Talia Al Ghul (or Miranda Tate, as she’s known for most of the movie) is the real villain of the piece. Bane is her lackey, the apparent villain stealing everyone’s attention while she runs the scheme behind the scenes. In the comics, Talia and Bruce have a complex relationship; they love each other, and she’s been known to work with him or against him depending on her own goals, like Catwoman; she’s also the mother of his son. Several characters push Bruce toward Talia in the movie, and she’s presented as a do-gooder he can trust, which makes it a bit eye-roll-worthy when Nolan gives us a big hint that she’s evil by showing us her scar when the two have sex. I spent the rest of the movie after that scene waiting for her to betray Bruce, fairly certain that she was exactly who she ended up to be.
Again, I’m left feeling Nolan missed an opportunity with a villain here. Part of the Batman mythos is that he’s not just a rich crimefighter—he’s also one of the world’s greatest detectives. He had his origin in Detective Comics, remember? Yet he completely misses the fact that he’s sleeping with the enemy. And never mind that seconds after Talia dies, Batman waltzes over and shoves his tongue down Catwoman’s throat, so it doesn’t sound like he was blinded by love. Talia is just there in the background for most of the movie, only to show up and die at the end like her father did in Batman Begins. You could almost remove her completely without changing the rest of the movie; it feels like a waste of an iconic villain and another place where the movie misses chances for Bruce to show off his intelligence and maturity by figuring out he’s being played in favor of having him solve Gotham’s problems by punching people and riding around in military prototypes.
All that aside, I say again: The Dark Knight Rises is a good movie. There’s not a bad performance on the screen—hell, every primary performer nails it. Christian Bale has been a spot-on Bruce Wayne through this trilogy; these movies are the first time the character has felt right to me outside the comics or Batman: The Animated Series. Michael Caine is easily the definitive Alfred, and Gary Oldman’s Commissioner Gordon could have been ripped straight out of a Frank Miller story. If Bane is a dull follow-up to the Joker, Tom Hardy’s still a pro at emoting menace with his eyes; if Selina Kyle/Catwoman doesn’t get enough screen time, Anne Hathaway still makes every second count when she’s in a scene. Even Joseph Gordon-Levitt is good, though the character he plays feels extraneous to the plot (yeah, okay, he’s this universe’s Robin—but I always thought Robin was lame even in the comics).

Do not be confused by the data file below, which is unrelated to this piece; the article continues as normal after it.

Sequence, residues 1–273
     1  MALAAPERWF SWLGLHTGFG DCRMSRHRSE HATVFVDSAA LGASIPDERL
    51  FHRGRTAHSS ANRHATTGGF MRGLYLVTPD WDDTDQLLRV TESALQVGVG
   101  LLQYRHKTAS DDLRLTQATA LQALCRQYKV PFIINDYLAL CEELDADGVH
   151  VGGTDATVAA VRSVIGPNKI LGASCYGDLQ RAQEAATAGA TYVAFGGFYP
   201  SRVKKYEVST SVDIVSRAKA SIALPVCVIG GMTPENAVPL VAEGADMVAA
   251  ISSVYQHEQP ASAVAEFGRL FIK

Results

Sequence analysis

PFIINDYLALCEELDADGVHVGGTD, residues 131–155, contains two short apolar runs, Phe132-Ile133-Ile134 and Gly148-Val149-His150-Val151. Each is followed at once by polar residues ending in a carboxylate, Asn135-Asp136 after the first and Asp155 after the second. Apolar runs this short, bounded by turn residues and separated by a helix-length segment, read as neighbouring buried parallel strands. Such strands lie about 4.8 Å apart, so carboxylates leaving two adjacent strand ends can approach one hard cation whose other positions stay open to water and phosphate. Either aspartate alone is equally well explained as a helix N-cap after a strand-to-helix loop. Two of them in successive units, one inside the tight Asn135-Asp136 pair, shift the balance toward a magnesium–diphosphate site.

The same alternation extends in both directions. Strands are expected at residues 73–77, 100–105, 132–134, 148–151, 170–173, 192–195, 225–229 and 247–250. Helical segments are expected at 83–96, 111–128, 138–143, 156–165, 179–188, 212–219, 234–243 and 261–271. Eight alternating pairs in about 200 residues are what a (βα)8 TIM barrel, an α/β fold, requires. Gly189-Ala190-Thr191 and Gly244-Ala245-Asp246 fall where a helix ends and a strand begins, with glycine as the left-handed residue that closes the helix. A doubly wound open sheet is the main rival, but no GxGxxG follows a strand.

And while we’re talking about performers, I suppose the city of Gotham deserves some props as well. That’s right—somewhere along the way, when Batman and Catwoman are both locked in their respective prisons, the city of Gotham becomes a character in its own right. Maybe that’s what the Nolans were aiming for by removing the obvious protagonists for part of the film; if so, it was a risk, and not one that pays off like they probably hoped. Seeing a city tear itself apart while the rest of the world watches helplessly is entertaining in theory, but without characters on the inside that we can relate to (as opposed to, again, a bunch of boring new cop characters whose names I can’t remember), the sequence doesn’t have the emotional pay-off it needs.
Still, I’m left wondering about that Gotham after the end of the trilogy. All the mobsters that were put away under the Dent Act after TDK are loose on the streets again. With the prisons opened, the Joker might be free again (though his fate goes unmentioned in the film). The Scarecrow is definitely free; he also has the honor of being the only supervillain to appear in all three films. In a sense, Gotham needs the Batman more than ever—most of what he accomplished has been undone. But Batman is retired; in true epic trilogy fashion, we get the sense that the universe keeps going on, but our hero has reached the end of his journey, and that’s what sets the Dark Knight trilogy apart from all the superhero movies that came before it.
Assuming the money-grubbing cokeheads in Hollywood don’t go against Nolan’s wishes and hire a different director to pump out another sequel, of course.